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Discussion Starter · #1 ·
While getting my new (to me) trailer ready for inspection I noticed that on one side the outside of the hub visibly has rust flaking off it.

I guess I need new hubs but what of to get? Basspro has sealed hubs and so does Cabelas. Basspro also has oil bath hubs that I have never heard of.

Also, anything I need to know about mounting them, any adjustment? The trailer has no brakes so I'm hoping it's just a bolt-off bolt-on process.


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If you do not have brakes it's not that bad. Buy galvanized hubs. I would buy hubs that are not sealed and not an oil bath type (I have two of those type sitting on my workbench).

Replacing them is easy. Take your wheels off the trailer leaving the trailer on a jack stand for safety, pop off the dust covers or Bearing Buddies (whatever is there), remove the cotter key from the castleated nut (you'll need new ones everytime you use one), back the nut off to the end of the axle, and pull on the hub. The outer bearing should come loose and the nut will prevent it from falling out. Take the nut off and remove the bearing putting it in a empty can or plastic butter container.

Pull the hub completely off the trailer. The rear bearing will stay with the hub as there is a grease seal that will hold it in place.

Putting the new hubs on requires packing the new bearings with grease prior to installing them, installing the grease seal on the rear of the hub, filling the hub with grease, installing the hub on the axle, putting the new outer bearing in place once it also has been packed with grease, and then pre-loading the bearings on each axle.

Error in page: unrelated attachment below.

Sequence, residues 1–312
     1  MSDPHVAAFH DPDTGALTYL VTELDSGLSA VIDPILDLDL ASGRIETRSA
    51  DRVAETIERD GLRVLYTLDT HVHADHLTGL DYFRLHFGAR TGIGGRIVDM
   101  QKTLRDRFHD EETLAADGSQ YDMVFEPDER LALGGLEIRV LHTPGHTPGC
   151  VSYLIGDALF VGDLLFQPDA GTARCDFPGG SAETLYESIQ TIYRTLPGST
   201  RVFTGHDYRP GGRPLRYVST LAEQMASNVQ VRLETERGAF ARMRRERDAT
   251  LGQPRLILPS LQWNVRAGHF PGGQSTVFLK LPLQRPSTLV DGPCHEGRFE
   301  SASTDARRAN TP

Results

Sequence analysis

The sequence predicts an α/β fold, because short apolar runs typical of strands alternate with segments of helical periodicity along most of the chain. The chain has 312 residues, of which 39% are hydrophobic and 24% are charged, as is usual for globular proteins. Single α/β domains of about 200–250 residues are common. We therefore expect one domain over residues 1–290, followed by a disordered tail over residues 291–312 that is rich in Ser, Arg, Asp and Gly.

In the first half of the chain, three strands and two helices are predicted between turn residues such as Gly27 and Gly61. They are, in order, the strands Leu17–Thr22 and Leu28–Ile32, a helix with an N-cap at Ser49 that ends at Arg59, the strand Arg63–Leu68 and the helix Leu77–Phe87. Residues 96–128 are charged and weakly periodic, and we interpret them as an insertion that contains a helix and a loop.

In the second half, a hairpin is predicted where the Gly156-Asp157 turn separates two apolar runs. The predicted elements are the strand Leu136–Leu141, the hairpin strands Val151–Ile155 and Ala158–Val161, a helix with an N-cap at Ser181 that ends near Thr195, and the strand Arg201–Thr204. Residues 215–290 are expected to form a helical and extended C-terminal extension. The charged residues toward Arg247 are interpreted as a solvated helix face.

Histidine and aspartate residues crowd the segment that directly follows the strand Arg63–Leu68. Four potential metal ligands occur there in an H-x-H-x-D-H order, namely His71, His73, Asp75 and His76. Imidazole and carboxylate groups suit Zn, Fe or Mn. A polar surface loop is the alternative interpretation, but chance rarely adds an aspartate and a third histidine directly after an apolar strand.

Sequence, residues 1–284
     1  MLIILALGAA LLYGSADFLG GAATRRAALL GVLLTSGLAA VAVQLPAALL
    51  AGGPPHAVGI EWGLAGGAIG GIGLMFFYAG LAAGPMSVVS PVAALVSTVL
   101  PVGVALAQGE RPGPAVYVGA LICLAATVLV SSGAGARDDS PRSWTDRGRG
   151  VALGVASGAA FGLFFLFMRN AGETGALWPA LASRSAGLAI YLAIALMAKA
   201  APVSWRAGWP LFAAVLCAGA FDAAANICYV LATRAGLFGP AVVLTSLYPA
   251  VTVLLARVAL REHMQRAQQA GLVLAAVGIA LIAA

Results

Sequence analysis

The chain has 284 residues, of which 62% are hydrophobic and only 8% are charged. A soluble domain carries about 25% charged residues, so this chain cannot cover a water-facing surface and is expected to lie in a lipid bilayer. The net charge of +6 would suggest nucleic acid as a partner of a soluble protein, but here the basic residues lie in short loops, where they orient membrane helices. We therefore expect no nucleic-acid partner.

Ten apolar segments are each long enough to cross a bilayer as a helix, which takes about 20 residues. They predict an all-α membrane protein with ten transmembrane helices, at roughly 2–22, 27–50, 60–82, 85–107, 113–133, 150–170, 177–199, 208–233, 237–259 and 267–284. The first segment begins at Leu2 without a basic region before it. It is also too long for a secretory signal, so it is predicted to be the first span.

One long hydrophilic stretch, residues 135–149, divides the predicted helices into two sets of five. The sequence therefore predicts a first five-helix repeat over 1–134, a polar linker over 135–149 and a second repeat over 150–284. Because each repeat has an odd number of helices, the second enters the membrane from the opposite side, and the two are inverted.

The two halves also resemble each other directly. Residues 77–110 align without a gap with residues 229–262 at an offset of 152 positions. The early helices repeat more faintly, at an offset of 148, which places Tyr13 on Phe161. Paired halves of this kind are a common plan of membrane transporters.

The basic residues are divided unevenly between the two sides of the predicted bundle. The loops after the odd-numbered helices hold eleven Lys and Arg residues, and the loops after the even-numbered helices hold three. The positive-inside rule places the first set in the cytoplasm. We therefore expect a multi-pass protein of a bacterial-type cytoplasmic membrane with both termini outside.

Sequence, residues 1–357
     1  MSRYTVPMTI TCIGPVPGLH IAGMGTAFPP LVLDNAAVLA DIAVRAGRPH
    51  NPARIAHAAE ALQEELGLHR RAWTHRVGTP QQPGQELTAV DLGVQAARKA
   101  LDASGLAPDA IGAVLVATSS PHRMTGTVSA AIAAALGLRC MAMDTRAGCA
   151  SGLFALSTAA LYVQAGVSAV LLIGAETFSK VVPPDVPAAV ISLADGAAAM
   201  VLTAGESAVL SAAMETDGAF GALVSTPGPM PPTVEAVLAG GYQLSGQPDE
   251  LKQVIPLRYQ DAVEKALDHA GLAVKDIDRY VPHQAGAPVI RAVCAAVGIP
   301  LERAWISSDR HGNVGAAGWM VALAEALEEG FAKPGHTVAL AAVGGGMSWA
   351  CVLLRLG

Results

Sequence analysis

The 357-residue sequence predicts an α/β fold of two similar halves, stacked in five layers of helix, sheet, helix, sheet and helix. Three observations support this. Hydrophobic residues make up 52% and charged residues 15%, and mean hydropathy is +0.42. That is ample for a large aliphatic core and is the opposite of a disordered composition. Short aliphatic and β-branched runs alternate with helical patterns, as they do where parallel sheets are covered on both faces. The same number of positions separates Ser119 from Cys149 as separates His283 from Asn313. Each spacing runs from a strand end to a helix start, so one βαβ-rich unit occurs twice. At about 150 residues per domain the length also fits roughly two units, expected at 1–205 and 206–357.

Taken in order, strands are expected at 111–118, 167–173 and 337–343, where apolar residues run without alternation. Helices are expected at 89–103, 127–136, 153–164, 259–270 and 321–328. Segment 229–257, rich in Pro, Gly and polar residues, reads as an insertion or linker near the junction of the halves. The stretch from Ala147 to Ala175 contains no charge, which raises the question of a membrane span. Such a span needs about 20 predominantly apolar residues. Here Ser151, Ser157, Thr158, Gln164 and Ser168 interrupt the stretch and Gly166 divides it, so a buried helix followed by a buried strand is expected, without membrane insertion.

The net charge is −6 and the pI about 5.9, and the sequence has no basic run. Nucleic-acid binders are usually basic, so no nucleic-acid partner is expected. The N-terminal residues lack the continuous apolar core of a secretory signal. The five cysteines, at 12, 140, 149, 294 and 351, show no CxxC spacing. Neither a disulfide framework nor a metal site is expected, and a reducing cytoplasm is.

Pre-loading is accomplished by turning the nut down on the installed hub until it is tight (10 - 15 foot pounds of torque). Then turn the hub (sometimes putting the wheel on with a couple of nuts makes this easier) about 10 -12 times in the same direction (I do it in the direction of forward travel although it won't make any difference).

Once you've completely rotated the hub 10 -12 times, back the nut off so that you can turn it with your fingers. DON'T disturb the hub!!

Tighten the nut so it's finger tight and you are able to put the new cotter key in place. Do NOT tighten with a wrench. If the cotter key won't go in then back the nut off slowly to where you have the first chance to put the cotter key thru the nut thus locking it in place. You are better off a little tiny bit loose than you are having to tighten the nut to accomplish this task.

If the bearing is too tight, you can burn it up a few miles.

Now, about the grease. Use the water resistant grease that LUBRIMATIC puts out and can be bought at Boater's World or West Marine. Do not over grease the new hubs as you will blwo out the grease seals on the back side of the hub.

If you were to use the oil bath hubs (tractor trailers have been usnig these things for eons) and the cover comes off or you spring a leak you'll be on the side of the road in no time. Grease will get you on down the road.

My thoughts on using a non-sealed hub is that it is easier to inspect and this will allow you to easily determine if you have had any problem with water intrusion into the hub.

For directions on the above go to


and look for the section on hub packing and installation.

Good luck. [grin][grin][excited][excited][grin][grin]
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